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Is my CPU running hotter than it should?

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February 1, 2013 9:33:14 PM

Hey all,

I feel like my CPU is running a bit hotter than it should be, but I'm not sure. I have a 3570k processor sitting on an asus p8z77-i mobo. My build is in a very crammed/small case, so airflow is pretty bad (although much better now that I was able to squeeze in a liquid cooler without affecting the already existing 2 case fans).

At first I was just running the stock intel cooler as the case I got was too small to fit the liquid cooler I bought in it. With the case fully on and enclosed, the stock cooler was running at about 45-50* C near-idle (maybe chrome and MSN messenger running).

I then did some retrofitting to my case yesterday, cut out some stuff and managed to fit my Corsair H60 water cooler in the case. Now I'm running heat tests, and with the top of my case removed and the PSI sitting out of the case (working on tucking tires), with a huge amount of open space now for fresh air to circulate in my case, my temps have only dropped to about 37-40* C. This is with just chrome up and running right now, nothing else. Doesn't seem like that big of a drop considering I went from a fully enclosed, cramped, stock cooler setup to a completely open, liquid cooled setup. I'm afraid taht my temps are still going to be low 40's once I fit back in the PSU and case top.

I did some research on this cooler before I bought it and a lot of people were claiming 20-25* C idle temps with whatever setups they had. Is it possible ramp up the fan/pump on this thing to provide extra cooling? I had planned on pushing this CPU to the limits with what I had on hand in terms of overclocking, but I'm not sure I'm going to be able to get much out of it with the temps already this high.

Thanks

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February 1, 2013 10:05:00 PM

elohelz said:
Hey all,

I feel like my CPU is running a bit hotter than it should be, but I'm not sure. I have a 3570k processor sitting on an asus p8z77-i mobo. My build is in a very crammed/small case, so airflow is pretty bad (although much better now that I was able to squeeze in a liquid cooler without affecting the already existing 2 case fans).

At first I was just running the stock intel cooler as the case I got was too small to fit the liquid cooler I bought in it. With the case fully on and enclosed, the stock cooler was running at about 45-50* C near-idle (maybe chrome and MSN messenger running).

I then did some retrofitting to my case yesterday, cut out some stuff and managed to fit my Corsair H60 water cooler in the case. Now I'm running heat tests, and with the top of my case removed and the PSI sitting out of the case (working on tucking tires), with a huge amount of open space now for fresh air to circulate in my case, my temps have only dropped to about 37-40* C. This is with just chrome up and running right now, nothing else. Doesn't seem like that big of a drop considering I went from a fully enclosed, cramped, stock cooler setup to a completely open, liquid cooled setup. I'm afraid taht my temps are still going to be low 40's once I fit back in the PSU and case top.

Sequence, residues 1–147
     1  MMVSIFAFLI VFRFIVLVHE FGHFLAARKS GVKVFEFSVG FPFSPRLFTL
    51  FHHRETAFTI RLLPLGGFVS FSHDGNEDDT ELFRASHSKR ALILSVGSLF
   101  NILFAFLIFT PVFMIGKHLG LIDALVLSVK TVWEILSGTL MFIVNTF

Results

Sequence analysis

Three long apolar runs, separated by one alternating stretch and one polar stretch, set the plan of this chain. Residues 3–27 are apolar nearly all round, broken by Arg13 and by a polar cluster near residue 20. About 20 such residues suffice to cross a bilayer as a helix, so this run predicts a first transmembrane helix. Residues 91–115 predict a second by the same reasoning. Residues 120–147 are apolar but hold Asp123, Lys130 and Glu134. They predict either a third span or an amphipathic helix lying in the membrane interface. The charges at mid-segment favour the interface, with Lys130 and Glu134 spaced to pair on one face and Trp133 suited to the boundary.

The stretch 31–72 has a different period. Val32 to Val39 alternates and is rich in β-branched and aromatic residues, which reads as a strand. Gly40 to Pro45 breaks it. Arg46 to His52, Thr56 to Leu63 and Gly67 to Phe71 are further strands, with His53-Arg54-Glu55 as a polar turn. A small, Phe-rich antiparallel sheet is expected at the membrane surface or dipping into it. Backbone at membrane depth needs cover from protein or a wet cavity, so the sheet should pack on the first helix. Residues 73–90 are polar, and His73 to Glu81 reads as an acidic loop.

I did some research on this cooler before I bought it and a lot of people were claiming 20-25* C idle temps with whatever setups they had. Is it possible ramp up the fan/pump on this thing to provide extra cooling? I had planned on pushing this CPU to the limits with what I had on hand in terms of overclocking, but I'm not sure I'm going to be able to get much out of it with the temps already this high.

Thanks


You should let us know the ambient room temperature.

I would agree that for idle that is hot. It can be from a few causes.
1. To much or to little thermal paste.
2. Water block not properly seated (too loose)
3. Cooling fans throught radiator too low airflow
4. Kink in the line.

Try switching your fans on the radiator to moving cool air into the system (pull) if it isn't all ready.
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February 1, 2013 10:53:04 PM

jnkweaver said:
You should let us know the ambient room temperature.

I would agree that for idle that is hot. It can be from a few causes.
1. To much or to little thermal paste.
2. Water block not properly seated (too loose)
3. Cooling fans throught radiator too low airflow
4. Kink in the line.

Try switching your fans on the radiator to moving cool air into the system (pull) if it isn't all ready.


Hey, thanks for the response. Using a food thermometer (only one I have :S), it's 79* F in my room / 26* C. I'm sure that's pretty close as my room is upstairs and a bit warm generally.

I just used the stock thermal paste that came on the heatsink. I already ordered some artic silver to replace it, but the stuff they had on there looked like it was applied decently enough. Perhaps that will be the difference? I donno.

I removed the radiator/fan from the case and reversed the direction on the fan. It had no discernible change on the temp. I did note, however, that it dropped down a few degrees being outside of the case, so I know now that I need to just remove the metal casing alltogether instead of just drilling out vent holes where the fan is.

Even still, removed entirely from the case, it's idling at 34-36* C. Checked the heat sink and it's on the CPU quite firmly. Hopefully that thermal paste makes a big difference.